Janice Feryn’s portfolio won the Readymag Websites of the Year ’22 award in Navigation for its overall immersive feeling of a refined digital gallery. A freshly-squeezed Belgian graphic designer, Janice is currently working at London-based design studio Accept & Proceed. We asked her about her work principles, aesthetic preferences, worst fears and things that attract her to join a project as a designer.
A penchant for art, architecture and tech
I’ve always been a very visual person, but I wouldn’t say pursuing an artistic career is something that came super naturally to me. After graduating high school I was clueless about what to study, so I decided to take a Media & Arts course in New York and London for half a year. That was where I first got in touch with design and started to play with the idea of studying something within the arts.
Having graduated only two years ago, I’d say I’m still a freshly squeezed designer finding my way in the industry. In my design practice I primarily focus on visual and brand identities, web design and editorial design. I like exploring the fields of art, architecture and technology—all of these things inherently influence my work.
I love to work on projects that aim to make a positive impact. They force me to understand people on a deeper level and translate this knowledge into something digestible.
Projects of that character often come with complex challenges, which is where things get really interesting. My worst fear is my work being shallow and abused in the interest of it solely being cool.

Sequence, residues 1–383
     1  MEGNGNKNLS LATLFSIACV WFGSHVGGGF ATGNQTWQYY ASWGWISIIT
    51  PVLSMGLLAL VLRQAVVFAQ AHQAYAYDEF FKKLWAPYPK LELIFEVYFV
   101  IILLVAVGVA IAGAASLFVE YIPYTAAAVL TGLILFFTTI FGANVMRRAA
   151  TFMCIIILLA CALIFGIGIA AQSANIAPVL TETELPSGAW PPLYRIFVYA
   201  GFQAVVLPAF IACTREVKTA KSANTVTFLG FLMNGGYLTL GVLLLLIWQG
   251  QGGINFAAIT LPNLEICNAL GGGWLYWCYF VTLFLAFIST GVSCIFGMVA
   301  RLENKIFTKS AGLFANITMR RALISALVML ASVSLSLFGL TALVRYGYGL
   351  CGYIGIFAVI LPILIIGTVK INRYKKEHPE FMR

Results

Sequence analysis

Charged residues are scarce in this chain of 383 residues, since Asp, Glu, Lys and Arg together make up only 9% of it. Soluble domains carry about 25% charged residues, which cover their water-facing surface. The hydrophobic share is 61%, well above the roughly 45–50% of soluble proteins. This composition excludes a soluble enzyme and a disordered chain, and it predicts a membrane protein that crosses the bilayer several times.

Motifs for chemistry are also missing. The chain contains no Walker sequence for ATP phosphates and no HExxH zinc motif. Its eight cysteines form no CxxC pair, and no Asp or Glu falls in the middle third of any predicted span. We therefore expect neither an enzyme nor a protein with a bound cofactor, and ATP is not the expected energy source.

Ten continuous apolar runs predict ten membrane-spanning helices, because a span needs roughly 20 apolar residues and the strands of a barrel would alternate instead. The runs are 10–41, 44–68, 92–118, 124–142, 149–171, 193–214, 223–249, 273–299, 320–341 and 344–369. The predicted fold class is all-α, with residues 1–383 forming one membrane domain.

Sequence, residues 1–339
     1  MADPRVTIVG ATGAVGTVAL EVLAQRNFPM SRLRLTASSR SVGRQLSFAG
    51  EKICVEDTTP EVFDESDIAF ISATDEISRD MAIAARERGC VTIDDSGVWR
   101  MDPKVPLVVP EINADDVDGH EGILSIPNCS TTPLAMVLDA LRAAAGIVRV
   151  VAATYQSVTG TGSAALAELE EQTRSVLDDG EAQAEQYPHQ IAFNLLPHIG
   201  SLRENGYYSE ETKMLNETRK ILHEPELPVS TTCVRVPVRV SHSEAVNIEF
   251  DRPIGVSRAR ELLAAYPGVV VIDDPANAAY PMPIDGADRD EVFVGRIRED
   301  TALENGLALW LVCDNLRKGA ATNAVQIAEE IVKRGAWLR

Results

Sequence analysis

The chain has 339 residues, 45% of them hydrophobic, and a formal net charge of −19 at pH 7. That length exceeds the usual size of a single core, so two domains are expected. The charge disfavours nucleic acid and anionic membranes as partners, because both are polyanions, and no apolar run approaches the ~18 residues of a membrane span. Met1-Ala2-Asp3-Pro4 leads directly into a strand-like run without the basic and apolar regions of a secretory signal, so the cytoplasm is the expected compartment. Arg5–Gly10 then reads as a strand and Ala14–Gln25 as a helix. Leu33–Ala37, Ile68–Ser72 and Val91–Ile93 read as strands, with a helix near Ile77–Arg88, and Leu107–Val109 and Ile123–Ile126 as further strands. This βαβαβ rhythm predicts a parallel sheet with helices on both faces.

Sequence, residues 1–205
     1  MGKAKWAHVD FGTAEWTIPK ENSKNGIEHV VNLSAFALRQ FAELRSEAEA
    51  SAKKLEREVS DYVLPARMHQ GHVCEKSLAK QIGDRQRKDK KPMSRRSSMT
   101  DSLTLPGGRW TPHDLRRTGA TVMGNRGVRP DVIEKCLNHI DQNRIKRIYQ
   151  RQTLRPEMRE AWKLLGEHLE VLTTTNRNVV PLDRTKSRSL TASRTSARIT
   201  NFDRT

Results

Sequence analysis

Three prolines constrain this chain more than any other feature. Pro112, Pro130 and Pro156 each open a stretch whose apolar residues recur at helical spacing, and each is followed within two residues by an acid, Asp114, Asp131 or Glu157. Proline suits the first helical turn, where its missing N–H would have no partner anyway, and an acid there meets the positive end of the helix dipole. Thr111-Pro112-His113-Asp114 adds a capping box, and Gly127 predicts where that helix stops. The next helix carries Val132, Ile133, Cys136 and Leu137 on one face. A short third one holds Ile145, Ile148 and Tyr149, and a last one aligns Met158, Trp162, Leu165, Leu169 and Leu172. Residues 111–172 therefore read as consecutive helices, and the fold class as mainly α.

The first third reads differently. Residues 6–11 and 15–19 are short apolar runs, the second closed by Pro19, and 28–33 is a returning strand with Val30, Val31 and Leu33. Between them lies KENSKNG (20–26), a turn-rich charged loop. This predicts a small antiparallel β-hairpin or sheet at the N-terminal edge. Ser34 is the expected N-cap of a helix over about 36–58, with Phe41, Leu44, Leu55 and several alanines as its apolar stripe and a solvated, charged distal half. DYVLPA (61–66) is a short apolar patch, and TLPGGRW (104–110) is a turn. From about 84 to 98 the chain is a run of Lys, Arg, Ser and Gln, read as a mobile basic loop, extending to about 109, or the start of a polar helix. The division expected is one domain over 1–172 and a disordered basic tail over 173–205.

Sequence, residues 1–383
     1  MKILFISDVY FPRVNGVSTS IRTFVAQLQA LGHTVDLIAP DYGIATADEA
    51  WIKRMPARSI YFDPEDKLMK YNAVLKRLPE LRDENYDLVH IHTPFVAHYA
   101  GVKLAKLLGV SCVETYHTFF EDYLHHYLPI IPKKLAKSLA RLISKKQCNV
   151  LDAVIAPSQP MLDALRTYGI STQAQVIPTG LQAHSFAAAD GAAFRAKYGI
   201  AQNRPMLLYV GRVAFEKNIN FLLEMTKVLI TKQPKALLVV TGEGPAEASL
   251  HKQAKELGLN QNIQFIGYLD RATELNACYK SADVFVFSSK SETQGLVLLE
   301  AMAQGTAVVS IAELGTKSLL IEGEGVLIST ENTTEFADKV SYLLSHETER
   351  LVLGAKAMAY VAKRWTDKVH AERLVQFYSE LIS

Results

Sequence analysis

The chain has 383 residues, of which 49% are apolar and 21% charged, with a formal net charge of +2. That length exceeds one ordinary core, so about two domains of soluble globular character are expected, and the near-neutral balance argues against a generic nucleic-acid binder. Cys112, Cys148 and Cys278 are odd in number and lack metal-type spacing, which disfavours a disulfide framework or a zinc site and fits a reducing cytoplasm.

Translating meanings into things
My most loved job is still my graduation project CB14 that I did together with a friend of mine, Marion De Bie. We’re both fascinated by architecture and the way people live around the world, and together we devised fās—a solution-oriented brand that creates adjustable, modular furniture based on maintaining human connections in restricted living spaces.
CB14 is designed as a product by fās. It’s a pack of two modular chairs that convert into a bench without the need for extra storage space for its connecting parts. Every element has its own designated place in the chair’s design. That way, three people can be seated instead of two while occupying as little space as possible.
Digital gallery on the web
The principle behind my portfolio is to draw visitors’ attention directly to the projects. The use of thought-out white space, consistency in art direction and refined typography limited all distractions to create a gallery-like feeling—I aimed to make the viewers feel as if they would be walking through an exhibition.
This idea came to life thanks to a series of useful widgets that Readymag made available in its toolkit. Simple, yet effective animations—such as click-on plus slide—let me include my biography in the homepage in a non-disruptive way. The (side)scroll paired with move animations allowed me to present my thumbnails vertically to further enhance the gallery-like experience of the website. Also, Readymag’s advanced typography settings enabled me to polish up text legibility. The sleek implementation of digital assets tied the portfolio together to give it an effective look.
Readymag is easily the best web tool for design purposes—especially for designers without any knowledge of creative coding—as it gives you the ability to work with pixel-to-pixel accuracy.
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